Lawmaker seeks help from Missouri Attorney General on open records requests
Rep. Sarah Unsicker complains about Sunshine Law delays by Department of Social Services
State Rep. Sarah Unsicker, D-Shrewsbury, speaks on June 29, 2021, during a House Budget Committee hearing on reimbursement allowance taxes (Tim Bommel/Missouri House Communications).
A Missouri state lawmaker frustrated by delays receiving records from the Department of Social Services filed a complaint Monday with Attorney General Eric Schmitt.
In a Monday letter to the attorney general’s office, Rep. Sarah Unsicker, D-Shrewsbury, detailed a series of Sunshine Law requests she sent to the Department of Social Services, with the oldest requests dating as far back as October.
Out of four records requests, Unsicker wrote she had still not received responsive records for three requests, in addition to facing delays and a lack of response on other issues.
“I feel really frustrated by the department’s lack of response to my Sunshine requests and to my questions, and I’m concerned about what that means about what’s going on in the department,” Unsicker said in an interview. “I’m concerned that they might just not have all the resources they need to do their job, basically.”
Unsicker’s letter, a copy of which was provided to The Independent, builds on previous frustrations lawmakers have had with requests for information from state agencies, with DSS in particular drawing lawmakers’ scrutiny.
Many of Unsicker’s requests were related to records regarding missing foster kids, an issue that drew the ire of state lawmakers earlier this year.
A federal watchdog’s report found DSS’ Children’s Division missed opportunities to prevent foster kids from going missing, repeatedly failed to report to authorities kids’ absence and did little to prevent them from going missing again when found. In 2019, 978 children were missing at some point from Missouri foster care, according to the report.
The oldest request Unsicker detailed in Monday’s letter was dated Oct. 6. Despite being informed Oct. 21 that records may be available Nov. 9, Unsicker wrote in Monday’s letter that she had not yet received any records or an update from the department. On Tuesday, DSS said it located no responsive records, Unsicker said.
Unsicker wrote she also hadn’t received acknowledgement of a Nov. 13 records request. The Sunshine Law stipulates that if access to records is not provided by the third business day after a request is received, an explanation of the delay must be provided.
“The lack of responsiveness from the Department of Social Services hinders my ability to perform my job as a legislator,” Unsicker wrote, noting that the information would help inform her understanding of the department’s budget needs and draft legislation.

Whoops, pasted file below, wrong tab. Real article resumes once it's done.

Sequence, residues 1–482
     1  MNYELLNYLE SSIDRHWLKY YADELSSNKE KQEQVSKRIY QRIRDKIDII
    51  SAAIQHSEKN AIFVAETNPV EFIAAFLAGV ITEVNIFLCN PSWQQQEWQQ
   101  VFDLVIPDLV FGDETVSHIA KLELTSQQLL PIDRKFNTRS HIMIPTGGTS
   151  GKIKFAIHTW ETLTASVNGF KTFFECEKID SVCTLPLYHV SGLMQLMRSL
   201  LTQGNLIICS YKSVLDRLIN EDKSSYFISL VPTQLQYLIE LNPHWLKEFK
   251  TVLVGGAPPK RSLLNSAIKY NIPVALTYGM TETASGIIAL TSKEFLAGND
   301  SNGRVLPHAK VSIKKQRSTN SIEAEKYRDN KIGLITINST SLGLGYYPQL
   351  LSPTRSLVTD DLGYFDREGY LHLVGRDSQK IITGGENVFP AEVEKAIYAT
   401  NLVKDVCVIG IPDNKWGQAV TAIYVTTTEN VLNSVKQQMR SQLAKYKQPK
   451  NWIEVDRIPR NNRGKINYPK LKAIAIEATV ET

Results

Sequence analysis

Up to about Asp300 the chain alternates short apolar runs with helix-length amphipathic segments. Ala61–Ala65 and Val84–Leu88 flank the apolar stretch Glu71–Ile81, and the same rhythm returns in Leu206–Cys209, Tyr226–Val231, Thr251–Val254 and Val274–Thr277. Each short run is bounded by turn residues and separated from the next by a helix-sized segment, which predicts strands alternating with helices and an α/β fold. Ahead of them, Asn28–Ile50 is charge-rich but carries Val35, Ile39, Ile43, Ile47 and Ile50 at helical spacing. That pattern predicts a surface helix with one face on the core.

In response to a request for comment Wednesday, DSS copied The Independent on an internal discussion on whether to answer questions related to Unsicker’s letter.
“Please let me know if this is appropriate, if you have changes, or if you would just rather I not respond,” Chelsea Blair, a spokeswoman for DSS wrote to other department officials.
Blair shared with department officials a copy of a proposed response: “The DSS legal team responded to Rep. Unsicker yesterday and are working to provide her with the requests in a timely manner.”
Unsicker said since sending Monday’s letter, she has received some information stemming from other questions, like information regarding long wait times to DSS’ call center for Supplemental Nutrition Assistance Program recipients, but not related to the records requests in Monday’s letter.
Unsicker said she hopes the attorney general’s office, which is responsible for enforcing the Sunshine Law, can help push along the department’s response. The attorney general’s office told her the request will be processed in the order it was received along with other complaints, “on a first-come, first-served basis,” Unsicker said.
Chris Nuelle, a spokesman for the attorney general’s office, said Wednesday that the office has received Unsicker’s letter, but can’t comment further currently.
DSS has been the subject of legislative criticism for the last year, as lawmakers have held a series of hearings examining the department’s lack of oversight of unlicensed youth residential facilities accused of abuse, care of foster kids and layoffs of Children’s Division employees.
This past legislative session, lawmakers on a House committee raised questions as to whether department officials were deliberately withholding information after underreporting the number of substantiated cases of abuse and neglect at youth residential facilities.
The department has also faced criticism for its handling of open records requests, with one group quoted upwards of $26,000 for records from DSS. Lawmakers aren’t immune to those costs.
Unsicker has previously recounted $6,000 in bills and a yearlong wait lawmakers have faced for records from DSS. In response, this past session Unsicker attached language to the proposed DSS budget requiring it to cover any costs associated with producing records for lawmakers and provide information within 10 days.
The language was ultimately removed due to concerns about extensive requests and not having the flexibility to respond, Unsicker said.
With the delays she’s faced, Unsicker said she’s considering whether she will propose a similar provision this upcoming legislative session.
This story has been updated since it was first published.
Our stories may be republished online or in print under Creative Commons license CC BY-NC-ND 4.0. We ask that you edit only for style or to shorten, provide proper attribution and link to our web site. Please see our republishing guidelines for use of photos and graphics.